• Close collaboration between Sri Lanka and all its creditors will be critical to expedite a debt treatment that will restore debt sustainability consistent with program parameters.
The Executive Board of the International Monetary Fund (IMF) approved a 48-month extended arrangement under the Extended Fund Facility (EFF) with an amount of SDR 2.286 billion (395 percent of quota or about US$3 billion).
Sri Lanka has been hit hard by a catastrophic economic and humanitarian crisis. The economy is facing significant challenges stemming from pre-existing vulnerabilities and policy missteps in the lead up to the crisis, further aggravated by a series of external shocks.
The EFF-supported program aims to restore Sri Lanka’s macroeconomic stability and debt sustainability, mitigate the economic impact on the poor and vulnerable, safeguard financial sector stability, and strengthen governance and growth potential. The Executive Board’s decision will enable an immediate disbursement equivalent to SDR 254 million (about US$333 million) and catalyze financial support from other development partners.
Following the Executive Board discussion on Sri Lanka, Ms. Kristalina Georgieva, Managing Director, issued the following statement:
“Sri Lanka has been facing tremendous economic and social challenges with a severe recession amid high inflation, depleted reserves, an unsustainable public debt, and heightened financial sector vulnerabilities. Institutions and governance frameworks require deep reforms. For Sri Lanka to overcome the crisis, swift and timely implementation of the EFF-supported program with strong ownership for the reforms is critical.
“Ambitious revenue-based fiscal consolidation is necessary for restoring fiscal and debt sustainability while protecting the poor and vulnerable. In this regard, the momentum of ongoing progressive tax reforms should be maintained, and social safety nets should be strengthened and better targeted to the poor. For the fiscal adjustments to be successful, sustained fiscal institutional reforms on tax administration, public financial and expenditure management, and energy pricing are critical.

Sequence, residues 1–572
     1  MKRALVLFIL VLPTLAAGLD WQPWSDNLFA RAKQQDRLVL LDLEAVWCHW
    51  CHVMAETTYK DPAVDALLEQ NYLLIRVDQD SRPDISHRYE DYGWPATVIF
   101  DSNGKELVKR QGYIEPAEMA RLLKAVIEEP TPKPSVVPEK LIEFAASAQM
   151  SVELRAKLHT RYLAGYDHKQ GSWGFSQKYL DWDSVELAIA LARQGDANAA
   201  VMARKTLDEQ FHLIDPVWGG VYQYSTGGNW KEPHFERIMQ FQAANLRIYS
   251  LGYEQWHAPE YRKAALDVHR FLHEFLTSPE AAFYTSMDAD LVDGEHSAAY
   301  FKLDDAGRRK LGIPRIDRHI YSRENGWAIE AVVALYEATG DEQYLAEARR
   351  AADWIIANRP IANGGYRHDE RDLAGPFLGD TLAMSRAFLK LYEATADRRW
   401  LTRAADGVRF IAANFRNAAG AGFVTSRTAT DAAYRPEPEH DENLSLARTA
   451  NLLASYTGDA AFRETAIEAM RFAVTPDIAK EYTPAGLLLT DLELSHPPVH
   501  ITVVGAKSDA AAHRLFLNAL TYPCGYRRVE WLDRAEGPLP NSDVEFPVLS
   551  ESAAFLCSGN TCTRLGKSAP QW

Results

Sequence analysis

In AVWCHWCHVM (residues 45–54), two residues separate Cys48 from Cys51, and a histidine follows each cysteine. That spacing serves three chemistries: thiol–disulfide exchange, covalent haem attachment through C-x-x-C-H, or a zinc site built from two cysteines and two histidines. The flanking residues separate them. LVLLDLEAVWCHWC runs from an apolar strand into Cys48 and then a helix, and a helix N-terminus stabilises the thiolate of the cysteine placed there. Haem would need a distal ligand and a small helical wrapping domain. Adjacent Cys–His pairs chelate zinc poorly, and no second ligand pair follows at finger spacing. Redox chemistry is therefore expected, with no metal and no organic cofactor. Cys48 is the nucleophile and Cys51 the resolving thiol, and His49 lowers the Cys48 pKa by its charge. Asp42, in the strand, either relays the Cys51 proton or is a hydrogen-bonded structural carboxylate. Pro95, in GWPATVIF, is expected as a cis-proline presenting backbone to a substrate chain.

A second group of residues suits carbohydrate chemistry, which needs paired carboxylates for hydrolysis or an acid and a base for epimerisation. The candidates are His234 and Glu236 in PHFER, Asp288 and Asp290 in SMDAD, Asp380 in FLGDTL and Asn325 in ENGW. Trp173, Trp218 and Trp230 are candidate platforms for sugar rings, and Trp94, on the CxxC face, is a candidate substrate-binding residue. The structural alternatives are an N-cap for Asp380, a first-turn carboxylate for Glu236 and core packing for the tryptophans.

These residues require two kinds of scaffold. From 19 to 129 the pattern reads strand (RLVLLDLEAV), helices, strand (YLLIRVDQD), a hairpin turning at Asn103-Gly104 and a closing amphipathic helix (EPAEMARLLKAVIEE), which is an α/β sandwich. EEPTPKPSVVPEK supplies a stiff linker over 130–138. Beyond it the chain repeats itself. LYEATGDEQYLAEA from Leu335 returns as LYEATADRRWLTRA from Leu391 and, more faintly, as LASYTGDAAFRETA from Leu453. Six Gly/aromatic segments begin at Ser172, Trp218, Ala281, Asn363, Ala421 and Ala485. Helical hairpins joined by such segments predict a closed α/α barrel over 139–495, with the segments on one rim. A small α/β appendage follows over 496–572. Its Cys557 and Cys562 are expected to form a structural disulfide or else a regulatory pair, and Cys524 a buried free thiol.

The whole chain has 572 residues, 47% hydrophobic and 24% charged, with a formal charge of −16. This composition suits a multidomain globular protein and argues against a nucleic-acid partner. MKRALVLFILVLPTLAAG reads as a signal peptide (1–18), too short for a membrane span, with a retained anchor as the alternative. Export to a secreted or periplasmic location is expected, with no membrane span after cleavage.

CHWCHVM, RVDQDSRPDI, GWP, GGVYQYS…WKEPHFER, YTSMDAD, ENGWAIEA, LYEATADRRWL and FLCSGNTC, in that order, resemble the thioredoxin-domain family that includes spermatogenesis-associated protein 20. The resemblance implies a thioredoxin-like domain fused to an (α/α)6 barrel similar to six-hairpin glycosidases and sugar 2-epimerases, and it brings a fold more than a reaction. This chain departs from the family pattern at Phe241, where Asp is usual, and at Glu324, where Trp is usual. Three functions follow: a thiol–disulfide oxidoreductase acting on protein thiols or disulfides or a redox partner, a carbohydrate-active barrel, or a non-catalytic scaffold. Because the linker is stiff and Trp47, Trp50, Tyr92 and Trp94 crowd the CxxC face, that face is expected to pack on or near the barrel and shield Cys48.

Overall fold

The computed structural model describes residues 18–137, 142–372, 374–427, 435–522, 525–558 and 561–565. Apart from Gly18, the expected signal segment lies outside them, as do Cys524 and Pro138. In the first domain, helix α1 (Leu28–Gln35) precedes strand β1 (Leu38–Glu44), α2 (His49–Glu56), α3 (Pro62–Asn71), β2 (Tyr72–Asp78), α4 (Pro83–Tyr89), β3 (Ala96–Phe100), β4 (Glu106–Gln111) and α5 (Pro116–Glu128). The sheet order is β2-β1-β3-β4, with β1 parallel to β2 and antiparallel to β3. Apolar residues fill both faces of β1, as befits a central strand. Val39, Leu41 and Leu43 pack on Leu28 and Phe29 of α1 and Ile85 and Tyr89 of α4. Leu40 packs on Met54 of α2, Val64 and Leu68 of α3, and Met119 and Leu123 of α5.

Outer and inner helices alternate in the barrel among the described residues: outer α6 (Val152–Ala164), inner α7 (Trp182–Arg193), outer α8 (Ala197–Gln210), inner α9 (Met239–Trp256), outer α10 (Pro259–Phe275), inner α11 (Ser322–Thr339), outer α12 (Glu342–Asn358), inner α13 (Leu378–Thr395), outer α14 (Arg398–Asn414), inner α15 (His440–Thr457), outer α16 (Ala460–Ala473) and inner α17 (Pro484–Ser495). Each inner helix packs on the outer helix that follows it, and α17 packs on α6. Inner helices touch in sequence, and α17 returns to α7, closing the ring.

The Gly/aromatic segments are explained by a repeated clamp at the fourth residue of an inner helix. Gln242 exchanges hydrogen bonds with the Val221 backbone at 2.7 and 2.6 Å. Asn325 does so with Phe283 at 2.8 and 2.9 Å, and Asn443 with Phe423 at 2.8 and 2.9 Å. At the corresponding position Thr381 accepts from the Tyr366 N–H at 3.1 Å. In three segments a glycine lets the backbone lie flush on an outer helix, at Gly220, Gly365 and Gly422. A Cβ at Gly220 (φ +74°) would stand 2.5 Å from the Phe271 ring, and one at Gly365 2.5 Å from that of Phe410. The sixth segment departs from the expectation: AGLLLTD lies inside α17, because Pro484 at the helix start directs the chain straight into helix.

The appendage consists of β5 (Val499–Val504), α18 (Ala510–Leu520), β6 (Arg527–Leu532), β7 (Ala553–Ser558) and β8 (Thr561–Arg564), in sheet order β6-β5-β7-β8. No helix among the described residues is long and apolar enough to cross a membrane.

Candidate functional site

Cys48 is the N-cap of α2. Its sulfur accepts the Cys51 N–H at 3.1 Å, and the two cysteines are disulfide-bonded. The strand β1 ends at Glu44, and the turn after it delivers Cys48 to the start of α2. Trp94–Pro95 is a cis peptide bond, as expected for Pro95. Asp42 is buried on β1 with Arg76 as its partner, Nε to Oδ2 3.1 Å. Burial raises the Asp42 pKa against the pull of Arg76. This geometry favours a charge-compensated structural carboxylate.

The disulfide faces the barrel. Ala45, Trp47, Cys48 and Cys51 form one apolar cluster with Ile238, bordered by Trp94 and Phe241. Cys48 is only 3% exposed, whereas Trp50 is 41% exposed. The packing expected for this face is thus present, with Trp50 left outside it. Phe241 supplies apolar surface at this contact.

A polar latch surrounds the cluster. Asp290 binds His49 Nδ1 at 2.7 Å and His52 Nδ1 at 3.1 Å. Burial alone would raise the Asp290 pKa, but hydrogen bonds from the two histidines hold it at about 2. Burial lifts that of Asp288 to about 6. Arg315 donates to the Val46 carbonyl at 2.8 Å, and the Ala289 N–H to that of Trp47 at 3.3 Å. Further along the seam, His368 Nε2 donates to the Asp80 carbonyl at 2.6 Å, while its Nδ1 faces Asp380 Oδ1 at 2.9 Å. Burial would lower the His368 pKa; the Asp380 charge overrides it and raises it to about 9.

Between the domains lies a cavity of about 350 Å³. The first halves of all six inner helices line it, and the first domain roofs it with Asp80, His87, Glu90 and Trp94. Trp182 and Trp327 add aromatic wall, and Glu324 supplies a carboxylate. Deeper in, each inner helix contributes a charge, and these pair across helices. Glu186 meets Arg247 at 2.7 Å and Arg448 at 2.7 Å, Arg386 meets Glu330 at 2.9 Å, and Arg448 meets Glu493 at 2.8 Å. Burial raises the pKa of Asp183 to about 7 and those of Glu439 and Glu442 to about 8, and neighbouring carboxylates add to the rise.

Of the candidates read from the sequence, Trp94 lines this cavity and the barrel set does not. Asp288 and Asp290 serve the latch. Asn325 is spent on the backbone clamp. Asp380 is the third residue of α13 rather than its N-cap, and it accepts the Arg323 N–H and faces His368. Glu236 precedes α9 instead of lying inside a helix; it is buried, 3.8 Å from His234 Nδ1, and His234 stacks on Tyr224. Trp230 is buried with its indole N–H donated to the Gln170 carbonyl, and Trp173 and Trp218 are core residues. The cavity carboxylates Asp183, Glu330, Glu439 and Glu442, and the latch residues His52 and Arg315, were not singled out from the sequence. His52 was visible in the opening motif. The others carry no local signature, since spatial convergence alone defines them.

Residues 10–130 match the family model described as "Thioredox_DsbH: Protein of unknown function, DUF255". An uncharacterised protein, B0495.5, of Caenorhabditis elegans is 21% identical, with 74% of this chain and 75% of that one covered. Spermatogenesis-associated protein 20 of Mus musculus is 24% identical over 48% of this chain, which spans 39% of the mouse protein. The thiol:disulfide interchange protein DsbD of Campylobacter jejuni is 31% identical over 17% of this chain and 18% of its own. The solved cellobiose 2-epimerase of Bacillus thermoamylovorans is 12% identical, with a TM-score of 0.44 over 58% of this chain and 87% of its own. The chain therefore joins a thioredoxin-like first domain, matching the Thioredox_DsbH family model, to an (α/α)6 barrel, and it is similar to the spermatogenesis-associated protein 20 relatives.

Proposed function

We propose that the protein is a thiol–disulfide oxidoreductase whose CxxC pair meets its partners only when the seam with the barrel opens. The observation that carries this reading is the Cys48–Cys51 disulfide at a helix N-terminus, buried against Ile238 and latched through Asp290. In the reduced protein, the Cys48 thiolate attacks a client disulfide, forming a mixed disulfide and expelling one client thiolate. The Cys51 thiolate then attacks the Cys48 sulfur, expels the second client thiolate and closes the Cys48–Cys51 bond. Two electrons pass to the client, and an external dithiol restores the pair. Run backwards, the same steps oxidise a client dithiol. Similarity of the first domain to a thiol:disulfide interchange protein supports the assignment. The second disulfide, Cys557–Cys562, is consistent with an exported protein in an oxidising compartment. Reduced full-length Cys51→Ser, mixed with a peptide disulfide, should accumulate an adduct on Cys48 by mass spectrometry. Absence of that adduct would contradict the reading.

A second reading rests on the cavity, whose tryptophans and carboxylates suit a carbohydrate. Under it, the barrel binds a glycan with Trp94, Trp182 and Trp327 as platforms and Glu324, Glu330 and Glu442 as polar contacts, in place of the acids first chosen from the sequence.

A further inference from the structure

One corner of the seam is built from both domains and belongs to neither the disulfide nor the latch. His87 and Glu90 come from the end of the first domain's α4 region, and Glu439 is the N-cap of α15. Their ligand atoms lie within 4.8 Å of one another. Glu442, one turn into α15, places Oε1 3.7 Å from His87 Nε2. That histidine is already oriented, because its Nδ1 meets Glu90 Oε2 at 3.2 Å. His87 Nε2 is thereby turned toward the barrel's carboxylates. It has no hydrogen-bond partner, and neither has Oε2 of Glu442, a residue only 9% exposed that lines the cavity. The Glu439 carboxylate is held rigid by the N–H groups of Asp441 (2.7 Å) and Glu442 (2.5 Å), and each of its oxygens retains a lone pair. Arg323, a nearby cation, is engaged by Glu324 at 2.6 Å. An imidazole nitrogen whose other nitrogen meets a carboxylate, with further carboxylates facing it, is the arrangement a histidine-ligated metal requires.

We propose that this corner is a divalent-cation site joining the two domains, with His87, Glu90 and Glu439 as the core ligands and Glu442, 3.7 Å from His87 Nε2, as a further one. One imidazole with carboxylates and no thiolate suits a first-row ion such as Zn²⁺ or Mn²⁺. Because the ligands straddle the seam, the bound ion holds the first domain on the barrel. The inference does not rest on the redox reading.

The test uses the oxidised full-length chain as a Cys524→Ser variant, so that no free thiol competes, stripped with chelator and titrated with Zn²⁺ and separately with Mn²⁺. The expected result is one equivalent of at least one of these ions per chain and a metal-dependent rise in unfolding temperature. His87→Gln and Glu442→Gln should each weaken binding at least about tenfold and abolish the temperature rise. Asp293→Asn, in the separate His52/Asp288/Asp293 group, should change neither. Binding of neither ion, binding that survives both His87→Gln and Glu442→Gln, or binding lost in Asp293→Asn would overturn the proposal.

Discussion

“Having obtained specific and credible financing assurances from major official bilateral creditors, it is now important for the authorities and creditors to make swift progress towards restoring debt sustainability consistent with the IMF-supported program. The authorities’ commitments to transparently achieve a debt resolution, consistent with the program parameters and equitable burden sharing among creditors in a timely fashion, are welcome.
“Sri Lanka should stay committed to the multi-pronged disinflation strategy to safeguard the credibility of its inflation targeting regime. As the market regains confidence, the authorities’ recent introduction of greater exchange rate flexibility will help to rebuild the reserve buffer.
“Maintaining a sound and adequately capitalized banking system is important. Implementing a bank recapitalization plan and strengthening financial supervision and crisis management framework are crucial to ensure financial sector stability.
“The ongoing efforts to tackle corruption should continue, including revamping anti-corruption legislation. A more comprehensive anti-corruption reform agenda should be guided by the ongoing IMF governance diagnostic mission that conducts an assessment of Sri Lanka’s anticorruption and governance framework. The authorities should step up growth-enhancing structural reforms with technical assistance support from development partners.”
SLT and Lanka Hospitals share prices in sharp appreciation following divestment approval
By Hiran H. Senewiratne
Sri Lanka Telecom and Lanka Hospitals PLC were attracting investors yesterday as a disclosure was put out stating that the Cabinet of Ministers had approved the divestment of the stake held by the Secretary to the Treasury in SLT, stock market sources said.
The divestment is to be implemented by the State Owned Enterprises Restructuring Unit under the Ministry of Finance, Economic Stabilization and National Policies. Following the statement, share prices of both companies appreciated significantly. Sri Lanka Telecom shares appreciated by Rs 10.70 or 13 per cent. Its share price shot up to Rs 95.30 from Rs 84.60 and Lanka Hospitals shares appreciated by Rs 8.50 or eight per cent; its share price shot up to Rs 120 from Rs 111.50.